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Neighbourhood watch keeps an eye to our north

Posted By on October 16, 2018 @ 08:10

With an estimated two-thirds of women in Papua New Guinea subjected to domestic violence, business, civic and military leaders are working with a formidable Australian couple to deal with a practice that’s devastating the social fabric of a key nation on Australia’s doorstep.

Gender-based violence—being ‘bashed up’—is occurring in crisis proportions and is having a debilitating impact on the population, which flows on through the economy and adds to PNG’s vulnerability.

Last year, the government in Port Moresby released its Papua New Guinea national strategy to prevent and respond to gender-based violence [1], which says that while clear data on levels of this—violence is scarce, surveys from individual areas came up with proportions such as 65.5%. The government said: ‘It provides evidence to indicate that urgent action is required.’ Many believe the figure of 65.5% is an underestimate.

In the strategy, Prime Minister Peter O’Neill says gender-based violence is a worldwide phenomenon but: ‘This form of human rights violation is occurring at an alarming rate in Papua New ­Guinea.’

He says ‘it must be stopped’ and promises ‘our collective effort will stamp out this epidemic before it is too late’.

Chillingly, the report says: ‘90% of women in prisons in PNG are serving time for murder. They acted in self-defence in response to family violence.’

An earlier government report on prospects for economic development says PNG cannot reach its potential if inequality continues to exist. ‘Victims are not well reported due to cultural issues and fear. There is a need to increase the ­capacity and effectiveness of enforcing agencies and institutions to protect and cater for victims.’

Local business leaders say domestic violence costs them hundreds of millions of dollars a year.

Stephanie Copus-Campbell has been closely involved with PNG for 18 years, first as an Aus­AID official and now as chief executive of an oil industry organisation, Oil Search Foundation, which implements projects in PNG focused on health, education and women’s empowerment.

Approached by local community leaders, she asked Australia’s former sex discrimination commissioner ­Elizabeth Broderick for advice on how to promote change in a distinctly male-dominated society. The local leaders were aware that to effect change they had to involve men as well as women.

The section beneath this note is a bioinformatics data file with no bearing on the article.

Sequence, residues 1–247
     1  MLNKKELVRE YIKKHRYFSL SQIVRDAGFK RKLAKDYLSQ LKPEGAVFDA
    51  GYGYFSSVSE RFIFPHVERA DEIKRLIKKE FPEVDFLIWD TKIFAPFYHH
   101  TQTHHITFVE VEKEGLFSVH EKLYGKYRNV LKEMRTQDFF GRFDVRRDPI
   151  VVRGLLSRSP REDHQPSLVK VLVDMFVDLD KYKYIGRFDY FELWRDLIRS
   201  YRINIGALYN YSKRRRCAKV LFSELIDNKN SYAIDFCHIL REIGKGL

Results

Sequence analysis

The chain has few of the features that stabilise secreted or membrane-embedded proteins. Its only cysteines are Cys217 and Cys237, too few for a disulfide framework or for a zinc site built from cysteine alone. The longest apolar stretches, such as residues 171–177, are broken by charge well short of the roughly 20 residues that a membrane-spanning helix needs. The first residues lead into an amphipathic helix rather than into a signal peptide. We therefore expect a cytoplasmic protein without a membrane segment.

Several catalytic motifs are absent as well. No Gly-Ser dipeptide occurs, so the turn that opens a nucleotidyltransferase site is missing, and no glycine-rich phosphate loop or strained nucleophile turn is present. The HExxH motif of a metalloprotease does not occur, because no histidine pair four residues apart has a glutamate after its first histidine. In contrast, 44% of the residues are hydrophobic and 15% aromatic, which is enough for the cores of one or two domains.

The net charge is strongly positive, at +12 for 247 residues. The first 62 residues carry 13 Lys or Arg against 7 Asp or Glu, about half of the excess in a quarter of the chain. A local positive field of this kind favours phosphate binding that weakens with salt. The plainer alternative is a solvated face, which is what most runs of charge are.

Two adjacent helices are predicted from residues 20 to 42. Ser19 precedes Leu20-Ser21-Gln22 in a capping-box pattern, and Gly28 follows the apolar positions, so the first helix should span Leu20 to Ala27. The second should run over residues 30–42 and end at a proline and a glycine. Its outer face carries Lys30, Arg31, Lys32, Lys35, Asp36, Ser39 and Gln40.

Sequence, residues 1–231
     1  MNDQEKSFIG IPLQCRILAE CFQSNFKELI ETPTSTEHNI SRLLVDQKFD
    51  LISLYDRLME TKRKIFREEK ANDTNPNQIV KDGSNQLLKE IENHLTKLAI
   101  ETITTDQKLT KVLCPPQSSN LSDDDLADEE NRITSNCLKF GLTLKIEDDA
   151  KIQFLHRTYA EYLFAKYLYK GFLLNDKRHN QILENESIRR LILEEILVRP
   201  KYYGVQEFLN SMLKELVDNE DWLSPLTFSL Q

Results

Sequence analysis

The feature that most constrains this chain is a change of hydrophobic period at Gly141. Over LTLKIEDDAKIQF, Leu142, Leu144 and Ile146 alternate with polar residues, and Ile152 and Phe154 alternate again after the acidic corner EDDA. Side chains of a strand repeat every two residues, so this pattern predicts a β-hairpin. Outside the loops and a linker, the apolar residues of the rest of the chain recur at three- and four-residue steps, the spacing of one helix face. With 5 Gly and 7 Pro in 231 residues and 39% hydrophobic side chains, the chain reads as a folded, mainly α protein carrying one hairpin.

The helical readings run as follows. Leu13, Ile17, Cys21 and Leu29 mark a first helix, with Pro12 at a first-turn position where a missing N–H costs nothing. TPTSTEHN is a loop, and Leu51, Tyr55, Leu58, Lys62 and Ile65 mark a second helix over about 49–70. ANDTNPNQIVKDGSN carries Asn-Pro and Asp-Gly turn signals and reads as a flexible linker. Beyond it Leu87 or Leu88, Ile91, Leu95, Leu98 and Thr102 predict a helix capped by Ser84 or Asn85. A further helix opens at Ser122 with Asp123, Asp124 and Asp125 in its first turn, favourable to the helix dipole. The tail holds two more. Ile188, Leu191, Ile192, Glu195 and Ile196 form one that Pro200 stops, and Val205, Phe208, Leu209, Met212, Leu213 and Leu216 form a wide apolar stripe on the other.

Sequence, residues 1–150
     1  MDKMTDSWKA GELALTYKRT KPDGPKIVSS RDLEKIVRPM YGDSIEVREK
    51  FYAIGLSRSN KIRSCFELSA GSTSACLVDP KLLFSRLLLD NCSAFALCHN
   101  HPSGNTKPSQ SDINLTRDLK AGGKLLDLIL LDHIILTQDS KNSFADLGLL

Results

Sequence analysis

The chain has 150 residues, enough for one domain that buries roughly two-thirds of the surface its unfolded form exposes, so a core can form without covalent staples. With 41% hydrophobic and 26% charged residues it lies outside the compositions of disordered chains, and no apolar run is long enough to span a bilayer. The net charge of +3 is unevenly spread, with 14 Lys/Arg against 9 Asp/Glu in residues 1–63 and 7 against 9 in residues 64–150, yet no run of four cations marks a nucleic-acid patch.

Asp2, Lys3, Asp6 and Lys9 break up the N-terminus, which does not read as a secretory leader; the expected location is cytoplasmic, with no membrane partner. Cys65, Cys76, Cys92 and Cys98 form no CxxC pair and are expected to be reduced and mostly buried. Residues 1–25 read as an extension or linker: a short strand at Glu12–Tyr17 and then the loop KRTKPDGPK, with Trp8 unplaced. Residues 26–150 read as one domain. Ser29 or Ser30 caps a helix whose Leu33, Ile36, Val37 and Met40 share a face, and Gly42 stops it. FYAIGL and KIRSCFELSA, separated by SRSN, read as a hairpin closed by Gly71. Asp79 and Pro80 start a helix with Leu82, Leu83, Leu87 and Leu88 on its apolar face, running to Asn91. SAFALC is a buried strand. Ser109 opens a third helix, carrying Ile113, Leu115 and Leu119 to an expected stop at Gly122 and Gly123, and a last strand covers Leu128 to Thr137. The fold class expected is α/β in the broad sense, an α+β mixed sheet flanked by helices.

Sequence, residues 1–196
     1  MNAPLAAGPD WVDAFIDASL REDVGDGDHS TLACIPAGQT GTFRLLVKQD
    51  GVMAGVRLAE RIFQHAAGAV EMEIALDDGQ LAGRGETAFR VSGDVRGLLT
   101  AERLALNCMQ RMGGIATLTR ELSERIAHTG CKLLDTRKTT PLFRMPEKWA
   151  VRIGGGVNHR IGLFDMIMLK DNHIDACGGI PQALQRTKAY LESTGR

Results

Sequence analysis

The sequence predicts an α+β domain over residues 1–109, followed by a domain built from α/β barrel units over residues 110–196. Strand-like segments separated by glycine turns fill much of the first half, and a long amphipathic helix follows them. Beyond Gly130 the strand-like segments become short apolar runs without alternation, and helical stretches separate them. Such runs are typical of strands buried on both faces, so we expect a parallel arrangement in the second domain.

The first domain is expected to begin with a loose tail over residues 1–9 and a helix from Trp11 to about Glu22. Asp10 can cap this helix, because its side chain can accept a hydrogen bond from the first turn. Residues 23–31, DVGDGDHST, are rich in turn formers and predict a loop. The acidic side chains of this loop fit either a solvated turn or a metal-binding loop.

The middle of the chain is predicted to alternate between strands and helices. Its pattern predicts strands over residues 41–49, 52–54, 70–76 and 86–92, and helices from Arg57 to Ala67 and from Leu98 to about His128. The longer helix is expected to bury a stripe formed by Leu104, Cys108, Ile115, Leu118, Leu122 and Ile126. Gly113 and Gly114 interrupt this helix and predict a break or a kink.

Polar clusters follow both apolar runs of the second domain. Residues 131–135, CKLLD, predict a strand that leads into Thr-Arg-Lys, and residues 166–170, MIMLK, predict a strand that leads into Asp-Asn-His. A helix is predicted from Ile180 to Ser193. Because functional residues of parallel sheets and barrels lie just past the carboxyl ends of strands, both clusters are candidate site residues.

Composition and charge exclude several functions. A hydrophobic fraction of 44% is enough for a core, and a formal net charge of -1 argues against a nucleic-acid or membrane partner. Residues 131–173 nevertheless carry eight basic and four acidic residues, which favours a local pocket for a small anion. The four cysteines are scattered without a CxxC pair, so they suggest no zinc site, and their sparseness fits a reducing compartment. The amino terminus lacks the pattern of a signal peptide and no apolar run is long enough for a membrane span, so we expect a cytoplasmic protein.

The answer, says Broderick, is to harness a high-profile male who had publicly condemned acts of domestic violence in Australia, one of her ‘male champions of change’. An excellent choice, Broderick says, is very close to home: Copus-Campbell’s husband General Angus Campbell, chief of the Australian Defence Force.

Apart from being aware of PNG’s strategic importance, the special forces officer has his own strong interest in helping Australia’s northern neighbour.

He lived in PNG as a child and went back there regularly. He agreed to take part with his wife and Broderick in a leadership forum funded by the Oil Search Foundation to launch a world first private-public program to tackle family and sexual violence.

The forum is part of a broader initiative called Bel isi PNG (A Peaceful PNG), which taps the abundant resources in the business community to prevent domestic violence and improve services for those experiencing it.

Senior PNG military officers quizzed Campbell on the weakening impact domestic violence can have on the culture of a military force and asked him to come back to PNG and talk to the troops about it. Following Campbell’s visit, PNG Defence Force commander Gilbert Toropo, Police commissioner Gary Baki and players from the NRL’s Brisbane Broncos, who have a huge following in PNG, have all committed their support to the Bel isi program. PNG military and police chiefs will join a walk next month to strengthen the message to their own men in uniform that bashing up women has got to stop and it must be taken seriously as a crime.

Port Moresby Governor Powes Parkop is a key driver of change in PNG and he’s initiated 8 kilometre Sunday morning hikes across the city to get the populace healthier and to demonstrate the need for public safety, especially for the hundreds of women and girls who take part.

More often than not, Copus-Campbell is the only expat on these walks but it’s where, she says, ‘the magic happens’ as Papua New Guineans find their own solutions to gender-based violence.

At the leadership forum in Port Moresby, Campbell delivered the same message he’s aimed at perpetrators of domestic violence in Australia, that self-discipline, respect and decent behaviour have to start at home. That domestic violence costs in terms of missed work days, loss of productivity and workplace occupational health and safety concerns. That you don’t want someone flying an aircraft, driving a vehicle, or operating machinery if they’re in serious emotional or physical pain or distracted about whether they’ll be safe when they get home.

As chief of the ADF he was conscious that skills, knowledge, weapons and communication systems made the modern soldier the most lethal ever fielded. That meant that more than ever, perpetrators of family and domestic violence are fundamentally at odds with the meaning and profession of soldiering, Campbell says.

‘When one of my people engages in the illegal and ill-disciplined use of violence at home, in training or on exercise, my confidence in them to execute their duties lawfully and discriminately in circumstances of immense stress on the battlefield is deeply undermined,’ he says.

‘They are not living by Australian Defence Force values: I see cowardice, not courage; comfortable habit, not the initiative to break the cycle. I don’t trust them to respect the innocent, the weak and the wounded, nor to serve the team rather than themselves.

‘This is why family and domestic violence is a war fighting capability and workplace issue.’

Some PNG army officers join Parkop on his walk on the following Sunday and, as they amble along amid a mass of women and girls, they tell Copus-Campbell how inspired they are by what her husband had told them and that they are determined to act on it.